Graded Regulation of Protein Activity
Much of biological activity is regulated through posttranslational protein modification in response to various stimuli. Proteins involved in cell proliferation, survival, migration, and shape can be controlled by reversible as well as irreversible modifications (i.e. phosphorylation, acetylation, glycosylation and proteolysis). Misregulation of protein modifying enzymes is implicated in human disease in a variety of contexts; such as, cancer, heart disease, and infectious disease. Previously, alteration of protein activity was described as a sharp on/off switch without a transition. Dr. Graves and colleagues now show how signal dependent phosphorylation can control activity in a graded manner. This technology offers a new approach to studying and affecting how protein activity can be turned up or down incrementally like a rheostat, possibly producing a variety of new responses with more desirable functionality.
This technology will open up a new field within the study of posttranslational protein modification. Modification of peptides by this process will allow fine tuning of activity in a wide variety of clinical, agricultural, research and proteomic settings. Misregulation of protein activity is the cause of many disease states. Understanding more precisely how proteins are regulated should lead to better treatments and new drug targets.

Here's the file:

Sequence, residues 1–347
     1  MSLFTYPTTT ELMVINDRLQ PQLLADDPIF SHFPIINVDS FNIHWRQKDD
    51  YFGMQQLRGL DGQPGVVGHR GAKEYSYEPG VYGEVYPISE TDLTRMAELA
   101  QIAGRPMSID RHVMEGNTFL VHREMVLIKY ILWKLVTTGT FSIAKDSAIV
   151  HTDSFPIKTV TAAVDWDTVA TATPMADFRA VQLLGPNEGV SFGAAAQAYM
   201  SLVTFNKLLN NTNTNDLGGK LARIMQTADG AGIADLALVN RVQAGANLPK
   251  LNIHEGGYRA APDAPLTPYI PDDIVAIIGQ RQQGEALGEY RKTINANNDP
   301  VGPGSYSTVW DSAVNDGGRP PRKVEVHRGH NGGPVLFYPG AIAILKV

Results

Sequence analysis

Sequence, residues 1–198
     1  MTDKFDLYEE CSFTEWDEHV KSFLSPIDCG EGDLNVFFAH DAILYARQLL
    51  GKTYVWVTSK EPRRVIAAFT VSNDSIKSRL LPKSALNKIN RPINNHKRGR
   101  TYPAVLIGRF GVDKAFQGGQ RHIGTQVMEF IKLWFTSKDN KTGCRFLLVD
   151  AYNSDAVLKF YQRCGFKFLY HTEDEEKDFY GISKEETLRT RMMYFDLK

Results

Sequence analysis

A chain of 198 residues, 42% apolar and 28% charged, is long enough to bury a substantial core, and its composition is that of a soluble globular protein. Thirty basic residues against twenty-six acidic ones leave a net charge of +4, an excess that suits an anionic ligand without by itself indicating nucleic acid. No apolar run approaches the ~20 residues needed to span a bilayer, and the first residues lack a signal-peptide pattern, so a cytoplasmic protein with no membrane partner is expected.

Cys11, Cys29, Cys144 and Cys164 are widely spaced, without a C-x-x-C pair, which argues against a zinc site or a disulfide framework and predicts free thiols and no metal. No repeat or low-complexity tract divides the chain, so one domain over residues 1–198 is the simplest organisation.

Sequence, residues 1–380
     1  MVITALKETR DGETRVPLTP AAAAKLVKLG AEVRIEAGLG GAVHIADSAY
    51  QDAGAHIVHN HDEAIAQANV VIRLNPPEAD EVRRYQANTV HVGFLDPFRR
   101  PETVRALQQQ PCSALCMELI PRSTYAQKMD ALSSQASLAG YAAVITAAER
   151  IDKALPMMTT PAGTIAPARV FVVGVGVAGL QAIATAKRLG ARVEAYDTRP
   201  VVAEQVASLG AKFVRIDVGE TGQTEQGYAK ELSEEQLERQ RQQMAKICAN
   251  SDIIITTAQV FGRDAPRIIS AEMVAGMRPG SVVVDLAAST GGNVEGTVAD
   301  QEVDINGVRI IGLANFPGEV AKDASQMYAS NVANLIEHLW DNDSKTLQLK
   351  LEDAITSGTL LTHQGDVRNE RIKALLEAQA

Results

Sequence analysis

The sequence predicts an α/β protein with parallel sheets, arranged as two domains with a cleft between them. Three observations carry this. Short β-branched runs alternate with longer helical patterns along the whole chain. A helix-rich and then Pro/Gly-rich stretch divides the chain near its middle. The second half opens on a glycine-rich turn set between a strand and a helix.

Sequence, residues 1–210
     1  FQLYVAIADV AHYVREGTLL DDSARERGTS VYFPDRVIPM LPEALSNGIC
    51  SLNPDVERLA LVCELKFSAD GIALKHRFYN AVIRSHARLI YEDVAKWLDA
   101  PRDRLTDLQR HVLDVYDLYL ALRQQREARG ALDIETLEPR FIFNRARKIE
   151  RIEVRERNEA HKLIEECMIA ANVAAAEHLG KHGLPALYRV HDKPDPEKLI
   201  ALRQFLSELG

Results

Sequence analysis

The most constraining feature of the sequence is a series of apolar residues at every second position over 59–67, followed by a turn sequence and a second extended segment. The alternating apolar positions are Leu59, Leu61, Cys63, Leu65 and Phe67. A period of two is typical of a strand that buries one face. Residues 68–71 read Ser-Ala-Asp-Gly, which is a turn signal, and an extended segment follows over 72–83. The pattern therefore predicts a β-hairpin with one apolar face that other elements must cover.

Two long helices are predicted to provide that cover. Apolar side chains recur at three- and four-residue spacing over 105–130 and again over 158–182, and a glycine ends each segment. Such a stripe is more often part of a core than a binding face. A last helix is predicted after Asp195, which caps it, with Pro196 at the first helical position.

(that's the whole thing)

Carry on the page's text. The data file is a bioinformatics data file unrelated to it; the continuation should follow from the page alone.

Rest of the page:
Stage of Development
A provisional patent application has been filed with the U.S. Patent and Trademark Office.
This technology is part of an active and ongoing research program and has been demonstrated to work in proof-of-concept experiments. It is available for licensing under either exclusive or non-exclusive terms.
*Pufall MA, Lee GM, Nelson ML, Kang HS, Velyvis A, Kay LE, McIntosh LP, Graves BJ. (2005) Variable control of Ets-1 DNA binding by multiple phosphates in an unstructured region. Science. 309:142-5.
Mary Nelson, Miles Pufall, Barbara Graves
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